Image by Glenn Carstens-Peters

Do you have a good stretch to help with my low back pain?



Stretching...ugh...


I have a serious bone to pick with stretching...


I get asked every day, "Do you have any good stretches for x...y...z...?"


Nobody ever asks for endurance, strength or stability exercises.


Stretching is the answer for everything!


What did stretching do to get so much respect?


Why do people thing stretching is the key to all their physical ailments?


Let's talk about it, ok?


First, when people think of stretching, they most likely are referring to long, slow static stretching. You know, the kind of stuff you did in gym class where you had to sit with one leg out and reach your toes for 30-60 seconds.


Or they might be thinking of pilates...or yoga. (Neither of which are supported by research to be a source of significant relief for low back pain)


Here's the thing with that type of stuff.


Deep, long and slow stretching down-regulates your nervous system and can actually cause your brain to think an injury is about to happen. While the sensation you feel during the stretch is good and you may find immediate relief of pain symptoms, the neurological response over the next few hours will be to protect and guard, resulting in more tightness and a return of pain.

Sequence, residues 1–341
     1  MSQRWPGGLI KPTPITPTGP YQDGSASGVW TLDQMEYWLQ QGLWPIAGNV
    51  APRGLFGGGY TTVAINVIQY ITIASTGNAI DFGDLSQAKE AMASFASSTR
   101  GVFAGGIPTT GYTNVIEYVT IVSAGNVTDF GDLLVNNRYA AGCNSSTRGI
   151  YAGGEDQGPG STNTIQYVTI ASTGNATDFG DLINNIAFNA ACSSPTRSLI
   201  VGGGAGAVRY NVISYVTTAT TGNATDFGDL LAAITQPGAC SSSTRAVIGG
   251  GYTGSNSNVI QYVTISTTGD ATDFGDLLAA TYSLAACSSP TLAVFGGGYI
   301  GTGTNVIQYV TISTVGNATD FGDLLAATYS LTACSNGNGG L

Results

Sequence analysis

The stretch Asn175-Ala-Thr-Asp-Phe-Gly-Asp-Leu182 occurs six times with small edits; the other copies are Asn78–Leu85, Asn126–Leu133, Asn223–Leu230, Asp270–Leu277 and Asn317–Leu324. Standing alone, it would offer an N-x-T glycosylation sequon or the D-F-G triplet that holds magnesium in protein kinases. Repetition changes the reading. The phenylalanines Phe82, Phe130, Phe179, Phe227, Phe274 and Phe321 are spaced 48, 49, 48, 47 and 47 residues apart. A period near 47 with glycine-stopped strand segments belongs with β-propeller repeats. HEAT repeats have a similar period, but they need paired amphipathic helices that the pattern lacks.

I know...it's weird.


How can something that feels so good be potentially harmful, or at the very least counterproductive to your efforts to loosen up and feel more free. The answer to this question is found in my old textbooks from university.


Basically, there are sensors in your body that detect both how far and how fast your muscles are being stretched. If the stretch goes past the threshold of what can be tolerated, the muscle will tighten up and become painful again. This is a safety measure built into our nervous system to help prevent serious injury.


To be frank, stretching likely isn't the solution to low back pain.


Check this YouTube video for some interesting perspectives by Dr. Stuart McGill:


Instead of stretching, the proper approach is to build muscular endurance into the areas of the body that have a poor work capacity, followed by strengthen and stability exercises.


Mobility exercises are part of a well-rounded program to return function to the low back. However, there are far better choices than long, slow static stretching to achieve those ends.


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If you are struggling with low back pain, schedule an appointment in the clinic.


We can discuss the benefits of RAPID Neurofascial Reset to help relieve pain and restore function and work together to design an exercise plan that gets you back on your feet, doing the things you enjoy!



















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